We are in an unprecedented situation akin to war in many ways but with greater economic and social restrictions than ever before. Although there is still unpredictability over how developments will unfold it is possible to identify key issues where action should provide investors and the public in general, with some confidence.
Firstly and particularly difficult, is the evolution of the virus and timing of the resolution of the health crisis which will eventually allow the restrictions on normal life to be eased. More testing of individuals to identify who has had the virus and progress on the development of a vaccine, would undoubtedly be positive steps.
The actions of central banks and governments has been unique and much more rapid and of greater magnitude than those seen during the 2008 financial crisis. For example the US government measures include direct cash handouts to individuals and in the UK generous schemes are being put in place to protect the income of the self-employed and temporarily laid off workers. Provided the crisis is time limited, these measures should enable a return to normal economic activity to occur more rapidly than is the case with a normal cyclical recession.
As companies start to report their earnings for the first quarter and economic data comes through showing falls in GDP, the hope is that the policy response has been of a scale sufficient to ensure that when there is some visibility in the health crisis, there will be confidence sufficient to encourage a relatively swift and robust recovery.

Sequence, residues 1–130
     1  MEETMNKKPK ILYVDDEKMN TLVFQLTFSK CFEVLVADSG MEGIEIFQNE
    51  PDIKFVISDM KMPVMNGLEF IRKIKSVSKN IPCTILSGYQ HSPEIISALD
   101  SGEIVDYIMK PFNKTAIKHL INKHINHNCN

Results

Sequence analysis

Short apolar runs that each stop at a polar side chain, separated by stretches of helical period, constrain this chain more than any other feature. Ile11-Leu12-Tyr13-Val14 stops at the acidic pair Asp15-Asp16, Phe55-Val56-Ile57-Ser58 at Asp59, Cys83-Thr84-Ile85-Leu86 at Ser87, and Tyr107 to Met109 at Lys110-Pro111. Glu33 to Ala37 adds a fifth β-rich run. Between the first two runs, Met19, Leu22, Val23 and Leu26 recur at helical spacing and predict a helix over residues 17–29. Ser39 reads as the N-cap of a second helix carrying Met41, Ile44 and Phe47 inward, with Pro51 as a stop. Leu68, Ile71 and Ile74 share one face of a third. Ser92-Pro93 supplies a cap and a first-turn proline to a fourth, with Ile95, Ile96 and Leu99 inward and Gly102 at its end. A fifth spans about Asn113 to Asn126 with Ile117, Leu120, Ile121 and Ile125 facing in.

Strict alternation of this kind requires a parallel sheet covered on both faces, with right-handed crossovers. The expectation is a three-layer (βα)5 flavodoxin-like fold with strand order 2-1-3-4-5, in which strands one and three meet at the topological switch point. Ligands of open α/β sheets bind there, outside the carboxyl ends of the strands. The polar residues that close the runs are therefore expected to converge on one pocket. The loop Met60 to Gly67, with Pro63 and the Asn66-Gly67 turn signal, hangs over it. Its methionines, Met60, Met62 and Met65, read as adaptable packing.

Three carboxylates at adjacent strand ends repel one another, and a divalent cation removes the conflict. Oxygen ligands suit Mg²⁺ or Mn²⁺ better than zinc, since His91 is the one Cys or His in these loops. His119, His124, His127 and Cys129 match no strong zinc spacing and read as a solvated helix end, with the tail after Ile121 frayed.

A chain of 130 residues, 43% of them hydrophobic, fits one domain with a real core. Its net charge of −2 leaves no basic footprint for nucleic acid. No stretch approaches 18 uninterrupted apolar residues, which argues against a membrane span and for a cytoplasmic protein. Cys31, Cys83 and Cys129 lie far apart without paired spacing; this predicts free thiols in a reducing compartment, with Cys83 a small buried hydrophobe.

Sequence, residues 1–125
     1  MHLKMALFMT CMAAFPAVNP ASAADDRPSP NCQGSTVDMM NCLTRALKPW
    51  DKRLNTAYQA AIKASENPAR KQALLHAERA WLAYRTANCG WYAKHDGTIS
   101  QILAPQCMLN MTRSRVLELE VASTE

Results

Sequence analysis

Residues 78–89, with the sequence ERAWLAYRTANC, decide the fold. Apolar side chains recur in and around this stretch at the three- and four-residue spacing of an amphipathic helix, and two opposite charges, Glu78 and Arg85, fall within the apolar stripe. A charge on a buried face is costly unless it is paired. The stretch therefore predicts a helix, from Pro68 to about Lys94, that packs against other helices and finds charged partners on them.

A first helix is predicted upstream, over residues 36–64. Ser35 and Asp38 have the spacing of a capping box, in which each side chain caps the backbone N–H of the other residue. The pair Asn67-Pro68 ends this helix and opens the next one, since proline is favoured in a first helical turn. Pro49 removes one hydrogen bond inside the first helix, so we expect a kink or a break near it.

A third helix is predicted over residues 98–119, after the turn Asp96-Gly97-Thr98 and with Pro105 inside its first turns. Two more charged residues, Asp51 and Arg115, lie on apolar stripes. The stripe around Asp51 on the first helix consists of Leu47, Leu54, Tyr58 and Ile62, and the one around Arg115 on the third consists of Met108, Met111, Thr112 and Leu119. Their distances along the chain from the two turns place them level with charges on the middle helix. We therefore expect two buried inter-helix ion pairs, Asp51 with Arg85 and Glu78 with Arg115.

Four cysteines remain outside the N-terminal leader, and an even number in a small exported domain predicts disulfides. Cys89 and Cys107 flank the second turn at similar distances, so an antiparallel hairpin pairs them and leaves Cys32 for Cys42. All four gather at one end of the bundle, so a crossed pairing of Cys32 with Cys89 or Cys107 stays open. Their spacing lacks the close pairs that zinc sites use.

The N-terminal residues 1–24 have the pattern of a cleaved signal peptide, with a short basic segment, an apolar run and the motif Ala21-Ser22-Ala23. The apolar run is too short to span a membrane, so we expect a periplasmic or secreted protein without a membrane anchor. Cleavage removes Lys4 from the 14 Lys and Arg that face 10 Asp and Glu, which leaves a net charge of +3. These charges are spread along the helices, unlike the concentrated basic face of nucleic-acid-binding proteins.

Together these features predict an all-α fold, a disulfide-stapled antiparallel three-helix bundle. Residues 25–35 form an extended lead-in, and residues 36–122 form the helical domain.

When we emerge from this crisis, there will inevitably be shorter and longer term consequences that will need to be considered. The extent of the state’s role in life, public spending on social and healthcare and higher taxation are all likely to be on the agenda . There will also be investment ramifications, for example, company dividend payments will be undoubtedly be lower for a period of time with the hardest hit sectors such as retail, travel and leisure suspending payments completely in many cases. Investors are therefore likely to need to adjust to reduced levels of income from portfolios particularly from the UK element where yields are typically higher. If recovery is robust though and company finances are stabilised reasonably quickly, dividend payments can resume and start to grow again.
Although the reasons and impact of this pandemic induced market slump have been different to previous market crises such as the oil induced shock in the early 1970s, the dot com bubble bursting in 2000 the run up to the Iraq War in 2003 and the global financial crisis of 2008, a common feature has been that recovery has always come through, often more rapidly than anticipated. It is impossible to predict the timing on this occasion though and exactly what the triggers will be, but it does seem that the efforts of the authorities to protect individuals from the worst impacts of the virus outbreak, both in terms of the health and financial implications, can be effective provided the more extreme measures in place are only there for a limited period of time.
Although remaining invested in equity markets is clearly an uncomfortable experience at this time, a suitably diversified portfolio with a focus on high quality businesses with strong finances, together with other assets with lower degrees of risk and of course cash, should provide a good basis to participate in recovery when it comes through.
27 March 2020